Cataracts in Dogs

As dogs live longer lives, alongside their human counterparts, they are more likely to experience age-related issues like cataracts. Cataracts involve clouding of the lenses of the eye. They can drastically impair vision and can even lead to blindness.


If your dog has cataracts, you may notice a white, gray or milky blue-green haziness in the eyes. The eye may become red, indicating inflammation. Your dog may squint, paw at his eyes or bump into things.

The lens lies directly behind the iris. It’s a clear structure that focuses light onto the retina at the back of the eye. Depending on the degree of opacity, a cloudy lens can block light enough to impair vision. A dog with 30% opacity may exhibit no symptoms of vision loss or impairment. But cataracts are progressive. By the time the lens becomes two-thirds clouded, your dog’s vision may be poor enough to cause serious problems.

Risk Factors and Causes

There are various possible causes of cataracts. Some breeds are genetically prone. Among these are miniature poodles, golden retrievers, Boston terriers, miniature schnauzers, American cocker spaniels, and Siberian huskies. Cataracts may develop spontaneously in these breeds, especially after a certain age. Regardless of breed, though, any dog of advanced age may develop cataracts.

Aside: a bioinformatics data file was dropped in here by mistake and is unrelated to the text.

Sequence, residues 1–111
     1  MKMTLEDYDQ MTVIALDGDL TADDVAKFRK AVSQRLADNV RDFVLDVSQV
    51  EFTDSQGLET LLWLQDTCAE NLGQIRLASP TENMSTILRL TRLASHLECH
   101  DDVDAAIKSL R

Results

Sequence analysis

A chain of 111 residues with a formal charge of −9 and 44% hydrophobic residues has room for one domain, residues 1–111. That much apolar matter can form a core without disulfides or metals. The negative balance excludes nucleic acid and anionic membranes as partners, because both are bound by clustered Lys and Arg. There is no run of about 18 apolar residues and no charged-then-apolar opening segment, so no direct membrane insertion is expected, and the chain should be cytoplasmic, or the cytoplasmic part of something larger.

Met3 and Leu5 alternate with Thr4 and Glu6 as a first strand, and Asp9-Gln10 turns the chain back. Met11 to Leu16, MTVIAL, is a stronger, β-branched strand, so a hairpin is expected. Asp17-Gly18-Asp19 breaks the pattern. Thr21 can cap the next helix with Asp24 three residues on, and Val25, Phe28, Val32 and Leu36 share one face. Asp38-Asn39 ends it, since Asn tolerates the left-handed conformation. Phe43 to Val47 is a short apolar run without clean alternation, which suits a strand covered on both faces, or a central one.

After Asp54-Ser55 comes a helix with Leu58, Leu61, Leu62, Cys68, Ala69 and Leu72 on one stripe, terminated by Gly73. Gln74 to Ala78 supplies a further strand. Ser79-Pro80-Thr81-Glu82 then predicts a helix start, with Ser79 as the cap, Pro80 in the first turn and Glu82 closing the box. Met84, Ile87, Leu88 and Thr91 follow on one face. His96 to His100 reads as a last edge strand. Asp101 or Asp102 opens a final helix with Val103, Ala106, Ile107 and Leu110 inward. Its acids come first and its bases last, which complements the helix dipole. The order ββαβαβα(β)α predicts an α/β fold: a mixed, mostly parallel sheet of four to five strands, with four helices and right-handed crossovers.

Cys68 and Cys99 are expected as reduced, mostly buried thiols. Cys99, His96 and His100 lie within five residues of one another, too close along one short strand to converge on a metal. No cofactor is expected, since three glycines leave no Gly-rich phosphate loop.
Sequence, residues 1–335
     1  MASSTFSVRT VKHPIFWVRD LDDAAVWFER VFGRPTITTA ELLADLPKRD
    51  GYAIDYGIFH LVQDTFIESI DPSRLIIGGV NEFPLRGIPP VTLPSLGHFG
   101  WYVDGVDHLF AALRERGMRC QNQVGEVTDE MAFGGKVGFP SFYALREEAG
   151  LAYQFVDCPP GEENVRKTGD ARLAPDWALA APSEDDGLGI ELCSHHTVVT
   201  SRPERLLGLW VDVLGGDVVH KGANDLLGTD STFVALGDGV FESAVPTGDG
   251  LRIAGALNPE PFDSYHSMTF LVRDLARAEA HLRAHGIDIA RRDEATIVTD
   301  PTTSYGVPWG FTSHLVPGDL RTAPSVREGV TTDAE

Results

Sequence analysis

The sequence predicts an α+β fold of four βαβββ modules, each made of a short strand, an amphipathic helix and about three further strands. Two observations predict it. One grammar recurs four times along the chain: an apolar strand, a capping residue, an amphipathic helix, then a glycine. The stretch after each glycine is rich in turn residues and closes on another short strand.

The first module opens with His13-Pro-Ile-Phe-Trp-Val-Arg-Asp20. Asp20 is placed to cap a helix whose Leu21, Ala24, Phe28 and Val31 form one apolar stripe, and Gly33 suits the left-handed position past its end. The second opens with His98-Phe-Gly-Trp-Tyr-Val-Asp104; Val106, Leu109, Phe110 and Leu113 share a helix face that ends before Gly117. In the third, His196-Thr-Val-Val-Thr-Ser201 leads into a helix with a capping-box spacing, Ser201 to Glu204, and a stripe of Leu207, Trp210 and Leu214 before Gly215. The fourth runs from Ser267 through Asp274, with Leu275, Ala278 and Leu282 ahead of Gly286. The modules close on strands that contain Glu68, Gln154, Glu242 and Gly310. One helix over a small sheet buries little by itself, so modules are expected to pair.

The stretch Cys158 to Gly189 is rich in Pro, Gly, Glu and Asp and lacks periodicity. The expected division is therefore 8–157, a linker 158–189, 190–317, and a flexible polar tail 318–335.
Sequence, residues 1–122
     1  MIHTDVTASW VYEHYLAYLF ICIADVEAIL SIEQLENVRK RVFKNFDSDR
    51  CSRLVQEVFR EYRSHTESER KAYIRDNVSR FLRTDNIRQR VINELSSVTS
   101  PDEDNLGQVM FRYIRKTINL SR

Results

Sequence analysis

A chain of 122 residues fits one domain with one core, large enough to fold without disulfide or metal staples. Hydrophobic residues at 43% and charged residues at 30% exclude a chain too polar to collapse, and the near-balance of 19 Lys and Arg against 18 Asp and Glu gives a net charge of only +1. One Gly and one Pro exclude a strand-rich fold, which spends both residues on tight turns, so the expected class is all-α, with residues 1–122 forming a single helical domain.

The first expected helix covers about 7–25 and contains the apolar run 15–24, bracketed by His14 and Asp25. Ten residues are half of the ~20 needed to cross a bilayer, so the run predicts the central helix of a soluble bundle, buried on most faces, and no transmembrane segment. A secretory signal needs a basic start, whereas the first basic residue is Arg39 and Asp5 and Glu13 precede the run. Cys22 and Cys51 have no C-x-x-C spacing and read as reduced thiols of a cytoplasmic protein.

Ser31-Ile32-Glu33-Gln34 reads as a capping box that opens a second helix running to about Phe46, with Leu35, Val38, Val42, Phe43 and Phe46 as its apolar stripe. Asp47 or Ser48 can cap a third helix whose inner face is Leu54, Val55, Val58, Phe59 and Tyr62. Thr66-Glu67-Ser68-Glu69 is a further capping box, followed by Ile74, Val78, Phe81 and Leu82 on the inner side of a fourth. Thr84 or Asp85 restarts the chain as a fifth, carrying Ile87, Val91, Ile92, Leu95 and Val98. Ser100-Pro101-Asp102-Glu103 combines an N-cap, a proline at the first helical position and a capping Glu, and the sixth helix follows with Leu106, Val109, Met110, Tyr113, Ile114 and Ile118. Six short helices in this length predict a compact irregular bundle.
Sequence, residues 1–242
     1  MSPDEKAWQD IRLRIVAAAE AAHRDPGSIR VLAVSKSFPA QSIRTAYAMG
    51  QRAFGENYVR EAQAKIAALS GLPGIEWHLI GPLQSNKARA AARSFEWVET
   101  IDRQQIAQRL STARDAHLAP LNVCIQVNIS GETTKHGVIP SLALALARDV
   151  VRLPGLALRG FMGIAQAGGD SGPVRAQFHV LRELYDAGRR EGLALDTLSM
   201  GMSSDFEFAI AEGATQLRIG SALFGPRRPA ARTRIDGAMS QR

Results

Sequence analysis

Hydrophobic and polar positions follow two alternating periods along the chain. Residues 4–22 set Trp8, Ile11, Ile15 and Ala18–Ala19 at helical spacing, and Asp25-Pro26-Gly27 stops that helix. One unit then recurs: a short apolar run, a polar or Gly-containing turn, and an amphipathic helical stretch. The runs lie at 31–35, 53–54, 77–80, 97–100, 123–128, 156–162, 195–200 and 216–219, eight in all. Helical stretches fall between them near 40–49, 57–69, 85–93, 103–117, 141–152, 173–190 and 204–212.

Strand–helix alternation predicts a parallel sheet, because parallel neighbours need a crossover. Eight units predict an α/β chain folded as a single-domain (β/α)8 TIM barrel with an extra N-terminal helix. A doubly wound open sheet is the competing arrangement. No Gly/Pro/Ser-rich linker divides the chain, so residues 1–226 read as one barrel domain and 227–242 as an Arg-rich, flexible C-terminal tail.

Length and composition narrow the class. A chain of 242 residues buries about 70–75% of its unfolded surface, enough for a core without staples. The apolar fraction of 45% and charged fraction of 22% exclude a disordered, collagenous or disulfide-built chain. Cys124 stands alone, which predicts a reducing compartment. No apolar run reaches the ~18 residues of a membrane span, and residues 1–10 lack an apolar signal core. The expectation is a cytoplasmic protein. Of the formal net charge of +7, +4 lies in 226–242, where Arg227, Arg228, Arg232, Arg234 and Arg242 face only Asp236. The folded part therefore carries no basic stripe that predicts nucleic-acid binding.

Cataracts can signal diabetes. If your dog displays increased thirst, more frequent urination, weight loss, and clouded lenses, diabetes mellitus may be the underlying cause. This obviously merits the immediate attention of your family veterinarian.

Trauma is another possible cause of cataracts. Electric shock, for example, can cause abnormal clouding of the lenses. Other causes may include exposure to toxins or radiation, and abnormally low levels of calcium in the blood.

Diagnosis and Treatment

Don’t delay seeing your family veterinarian if you detect possible signs of cataracts in your dog. Cataracts related to diabetes, for instance, may progress extremely rapidly, causing functional blindness. In such cases, speed is of the essence.

Your veterinarian will take a thorough history, asking for details about the onset of symptoms. He or she may order various tests. Blood and urine tests may be indicated, for example. Although these tests cannot diagnose cataracts specifically, they may indicate related, underlying problems.

As in humans, cataracts can be corrected with surgery. Prior to surgery, additional tests such as electroretinography to test the function of the retina and an ocular ultrasound to visualize behind the lens may be necessary.)

Just as in people, the surgical technique is called phacoemulsification and is performed by a board-certified veterinary ophthalmologist.It involves breaking down the proteins of the lens with ultrasound waves. These emulsified proteins are then sucked out, and fluids are replaced with sterile saltwater. In most cases, an artificial replacement lens is implanted to restore full functional vision in your dog. This relatively simple procedure has proven more than 90% effective in dogs.